American Paper Son by Wayne Hung Wong
A CHINESE IMMIGRANT IN THE MIDWEST (Asian American Experience)

No critic rating

Waiting for minimum critic reviews

Synopsis

During the height of racist anti-Chinese U.S. immigration laws, illegal aliens were able to come into the States under false papers identifying them as the sons of those who had returned to China to marry and have children. "American Paper Son" is the story of one such Chinese immigrant who came to Wichita, Kansas, in 1935 as a thirteen-year-old "paper son" to help in his father's restaurant there. This vivid first-person account addresses significant themes in Asian American history through the lens of Wong's personal stories. Wong served in one of the all-Chinese units of the 14th Air Force in China during World War II and he discusses the impact of race and segregation on his experience. After the war he found a wife in Taishan, brought her to the US, and became involved in the government's infamous Confession program (an amnesty program for immigrants). Wong eventually became a successful real estate entrepreneur in Wichita. Rich with poignant insights into the realities of life as part of a very small Chinese American population in a midwestern town, this memoir provides an important new view of the Asian American experience away from the West Coast. Benson Tong adds a scholarly introduction and useful annotations.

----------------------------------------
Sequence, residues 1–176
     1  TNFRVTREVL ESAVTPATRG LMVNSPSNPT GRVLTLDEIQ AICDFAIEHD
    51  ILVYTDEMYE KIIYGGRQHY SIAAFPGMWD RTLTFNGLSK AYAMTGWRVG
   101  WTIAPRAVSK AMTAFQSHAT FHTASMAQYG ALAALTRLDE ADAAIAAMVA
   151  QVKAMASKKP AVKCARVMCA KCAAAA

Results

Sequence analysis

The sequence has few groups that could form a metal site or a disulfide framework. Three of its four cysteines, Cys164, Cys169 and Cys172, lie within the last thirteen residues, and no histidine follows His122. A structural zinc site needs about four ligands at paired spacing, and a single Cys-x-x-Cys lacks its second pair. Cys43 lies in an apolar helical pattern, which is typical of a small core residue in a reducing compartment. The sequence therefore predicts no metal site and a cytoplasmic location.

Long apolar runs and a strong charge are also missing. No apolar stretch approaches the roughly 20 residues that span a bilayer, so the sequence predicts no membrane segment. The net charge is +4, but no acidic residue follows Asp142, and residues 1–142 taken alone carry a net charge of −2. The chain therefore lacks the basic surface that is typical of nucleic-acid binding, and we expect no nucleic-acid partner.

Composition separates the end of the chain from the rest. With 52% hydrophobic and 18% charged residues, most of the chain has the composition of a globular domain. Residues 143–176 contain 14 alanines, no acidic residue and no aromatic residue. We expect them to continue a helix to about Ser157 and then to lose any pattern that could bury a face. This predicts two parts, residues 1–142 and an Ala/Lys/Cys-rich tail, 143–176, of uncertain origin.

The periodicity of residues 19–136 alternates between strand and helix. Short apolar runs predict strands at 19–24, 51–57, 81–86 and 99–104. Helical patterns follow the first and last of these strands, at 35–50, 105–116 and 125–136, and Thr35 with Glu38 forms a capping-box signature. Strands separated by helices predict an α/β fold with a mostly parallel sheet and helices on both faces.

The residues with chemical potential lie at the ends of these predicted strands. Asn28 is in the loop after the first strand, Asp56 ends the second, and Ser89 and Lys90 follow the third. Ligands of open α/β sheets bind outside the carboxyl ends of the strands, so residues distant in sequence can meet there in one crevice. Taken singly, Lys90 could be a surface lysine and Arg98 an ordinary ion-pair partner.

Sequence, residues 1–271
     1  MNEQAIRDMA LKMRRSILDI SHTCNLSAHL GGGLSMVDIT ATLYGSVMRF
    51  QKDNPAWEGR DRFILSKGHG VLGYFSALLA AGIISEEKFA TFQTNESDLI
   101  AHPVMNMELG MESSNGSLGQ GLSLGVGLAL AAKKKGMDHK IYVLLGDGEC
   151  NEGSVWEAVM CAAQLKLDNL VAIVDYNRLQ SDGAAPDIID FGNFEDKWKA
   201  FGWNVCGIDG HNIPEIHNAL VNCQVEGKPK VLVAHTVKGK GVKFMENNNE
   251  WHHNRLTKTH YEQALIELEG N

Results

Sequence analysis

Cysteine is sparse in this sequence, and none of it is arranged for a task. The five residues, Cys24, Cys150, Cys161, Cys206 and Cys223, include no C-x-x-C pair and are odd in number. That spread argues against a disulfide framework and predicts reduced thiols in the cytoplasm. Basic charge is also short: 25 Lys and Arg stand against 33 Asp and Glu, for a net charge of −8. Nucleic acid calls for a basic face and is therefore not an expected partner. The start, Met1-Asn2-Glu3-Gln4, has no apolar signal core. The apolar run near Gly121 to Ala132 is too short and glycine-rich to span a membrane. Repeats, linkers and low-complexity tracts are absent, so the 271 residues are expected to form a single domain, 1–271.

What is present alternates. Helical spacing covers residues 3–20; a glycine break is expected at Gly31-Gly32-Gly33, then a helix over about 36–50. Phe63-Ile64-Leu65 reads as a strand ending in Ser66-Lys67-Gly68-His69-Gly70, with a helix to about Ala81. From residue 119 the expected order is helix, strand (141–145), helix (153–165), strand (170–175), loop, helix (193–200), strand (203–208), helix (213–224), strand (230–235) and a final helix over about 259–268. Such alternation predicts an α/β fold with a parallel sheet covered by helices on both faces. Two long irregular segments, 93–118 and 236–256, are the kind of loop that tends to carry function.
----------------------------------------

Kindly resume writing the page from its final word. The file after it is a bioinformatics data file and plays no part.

About Wayne Hung Wong

See more books from this Author
BENSON TONG is Assistant Professor of History at Wichita State University and the author of several books on Asian Americans and Native Americans.
 
Published November 14, 2005 by University of Illinois Press. 192 pages
Genres: Biographies & Memoirs, History, Political & Social Sciences.

Rate this book!

Add Review
×